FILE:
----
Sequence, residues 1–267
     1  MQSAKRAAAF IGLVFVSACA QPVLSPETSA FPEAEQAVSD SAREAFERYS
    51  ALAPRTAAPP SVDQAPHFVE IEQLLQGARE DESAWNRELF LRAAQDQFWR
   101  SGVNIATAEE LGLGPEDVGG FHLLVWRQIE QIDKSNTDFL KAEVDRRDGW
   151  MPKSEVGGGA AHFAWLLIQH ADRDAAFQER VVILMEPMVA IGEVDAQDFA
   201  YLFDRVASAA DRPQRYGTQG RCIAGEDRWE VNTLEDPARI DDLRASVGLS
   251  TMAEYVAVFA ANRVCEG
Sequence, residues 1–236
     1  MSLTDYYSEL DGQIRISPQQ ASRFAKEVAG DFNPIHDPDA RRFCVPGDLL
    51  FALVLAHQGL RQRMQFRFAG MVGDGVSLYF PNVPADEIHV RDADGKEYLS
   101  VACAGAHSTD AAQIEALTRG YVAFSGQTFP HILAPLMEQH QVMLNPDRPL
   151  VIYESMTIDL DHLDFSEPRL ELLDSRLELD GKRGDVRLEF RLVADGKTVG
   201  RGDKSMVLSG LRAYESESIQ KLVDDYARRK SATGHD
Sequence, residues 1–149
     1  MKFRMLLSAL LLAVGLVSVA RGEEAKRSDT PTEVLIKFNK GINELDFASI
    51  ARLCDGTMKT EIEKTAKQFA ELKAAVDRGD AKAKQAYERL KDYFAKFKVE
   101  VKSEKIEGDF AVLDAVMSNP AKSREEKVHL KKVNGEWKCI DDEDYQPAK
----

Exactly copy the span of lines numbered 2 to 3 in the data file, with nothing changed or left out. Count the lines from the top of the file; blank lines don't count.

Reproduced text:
     1  MQSAKRAAAF IGLVFVSACA QPVLSPETSA FPEAEQAVSD SAREAFERYS
    51  ALAPRTAAPP SVDQAPHFVE IEQLLQGARE DESAWNRELF LRAAQDQFWR